n recent years the talk about fake news has risen to a whole new level. If you don’t want to get fooled by fake news, it helps to know what fake news is and how to spot it. If we all can learn how to tell real news from fake news, our politics and public opinions will be much less confused.

This article covers everything you need to know to stay informed about what's going on in the world:

  • The current issue of fake news
  • Examples of fake news
  • Types of fake news
  • Tips for spotting fake news

What is Fake News?

There has been a circulation of fake news online, causing a mass confusion of misinformation. Fake news is when fabricated stories try to pass as serious journalism. Readers who cannot tell the difference between real and fake news believes these articles and shares them so that many readers are believing and basing opinions, decisions, and discussions on untrue news. Americans understand the confusion fake media causes, and yet 23 percent of adults have knowingly or not shared fake news.

This issue shows no signs of going away soon, as the writers of these stories are making a profit and hold power of influence over the public’s opinions. Google and Facebook, as well as other platforms, are attempting to fight the surge of fake news, but it is unclear how successful they’ve been.  

a man with a beard reads a news story on his iPad
Next time you open up an article to read, think about whether the article is credible or not. Don’t share an article if you think it could be fake news.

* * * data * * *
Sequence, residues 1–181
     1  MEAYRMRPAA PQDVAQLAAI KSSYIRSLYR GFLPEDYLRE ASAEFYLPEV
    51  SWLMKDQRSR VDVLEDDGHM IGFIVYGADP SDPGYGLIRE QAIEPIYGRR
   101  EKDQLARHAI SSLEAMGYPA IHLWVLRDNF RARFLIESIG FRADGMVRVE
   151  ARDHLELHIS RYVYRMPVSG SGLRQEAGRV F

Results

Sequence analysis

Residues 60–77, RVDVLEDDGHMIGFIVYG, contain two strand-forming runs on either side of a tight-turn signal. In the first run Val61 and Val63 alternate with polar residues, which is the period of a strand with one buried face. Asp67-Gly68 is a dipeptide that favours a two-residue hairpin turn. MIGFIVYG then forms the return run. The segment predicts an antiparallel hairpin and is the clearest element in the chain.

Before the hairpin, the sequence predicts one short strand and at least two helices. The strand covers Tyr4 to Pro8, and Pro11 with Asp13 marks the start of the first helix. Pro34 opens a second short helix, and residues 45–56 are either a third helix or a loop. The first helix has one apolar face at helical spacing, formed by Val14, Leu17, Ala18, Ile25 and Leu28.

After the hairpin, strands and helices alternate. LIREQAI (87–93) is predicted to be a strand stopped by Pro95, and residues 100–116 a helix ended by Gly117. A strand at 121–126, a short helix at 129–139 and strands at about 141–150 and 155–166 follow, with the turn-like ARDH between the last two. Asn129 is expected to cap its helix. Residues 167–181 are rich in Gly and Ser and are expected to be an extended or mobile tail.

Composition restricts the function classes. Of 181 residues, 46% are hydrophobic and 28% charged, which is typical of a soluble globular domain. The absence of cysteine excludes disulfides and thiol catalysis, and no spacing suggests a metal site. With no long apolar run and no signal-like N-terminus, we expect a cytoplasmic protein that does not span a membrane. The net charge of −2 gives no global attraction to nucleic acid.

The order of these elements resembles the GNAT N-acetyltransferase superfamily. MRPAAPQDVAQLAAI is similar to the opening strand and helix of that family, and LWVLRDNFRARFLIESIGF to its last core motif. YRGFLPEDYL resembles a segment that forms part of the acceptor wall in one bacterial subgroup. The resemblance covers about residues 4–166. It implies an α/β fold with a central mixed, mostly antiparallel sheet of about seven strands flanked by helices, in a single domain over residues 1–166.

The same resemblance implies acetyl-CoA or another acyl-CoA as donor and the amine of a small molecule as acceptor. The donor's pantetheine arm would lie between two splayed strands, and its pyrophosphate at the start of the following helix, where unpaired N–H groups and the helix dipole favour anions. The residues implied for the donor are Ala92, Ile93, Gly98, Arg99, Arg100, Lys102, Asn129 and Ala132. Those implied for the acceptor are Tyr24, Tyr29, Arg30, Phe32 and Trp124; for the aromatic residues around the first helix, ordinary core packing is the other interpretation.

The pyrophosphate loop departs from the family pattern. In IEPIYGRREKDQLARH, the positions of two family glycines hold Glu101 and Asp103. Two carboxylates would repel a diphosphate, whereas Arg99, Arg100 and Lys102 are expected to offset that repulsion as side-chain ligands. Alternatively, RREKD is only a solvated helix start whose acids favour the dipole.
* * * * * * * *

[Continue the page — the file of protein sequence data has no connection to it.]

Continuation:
Fake news can be used to refer to satire and parody pieces, but these types of writing don’t have the same malicious intent of deceiving audiences. When talking about fake news, the term is usually used to refer to written pieces and recorded segments that are telling false information or sharing conspiracy theories.

On a whole we are still unsure as to why some believe these types of articles, or why some actively seek out fake news. However to clear everyone’s confusion on current issues and events, it helps to learn how to spot fake news.    

Examples of Fake News

Unfortunately there are a lot of sources of fake news out there. Some sources have already been called out for their false nature, and knowing about these is a good start on knowing what news to avoid.

Here are just a few names of websites that are proven sources of fake news:

  • ABCnews.com.co
  • The Boston Tribune
  • Celebtricity
  • Breaking-CNN.com
  • Empire News
  • The Gateway Pundit

Notice some of these websites are ripping off names of credible sources to appear credible themselves. However their domain names are just slightly off, which is a sign to you that they may not be real news. If you’d like to see what fake news looks like (so you can avoid it), maybe check out a couple of these to see what techniques they use to deceive readers.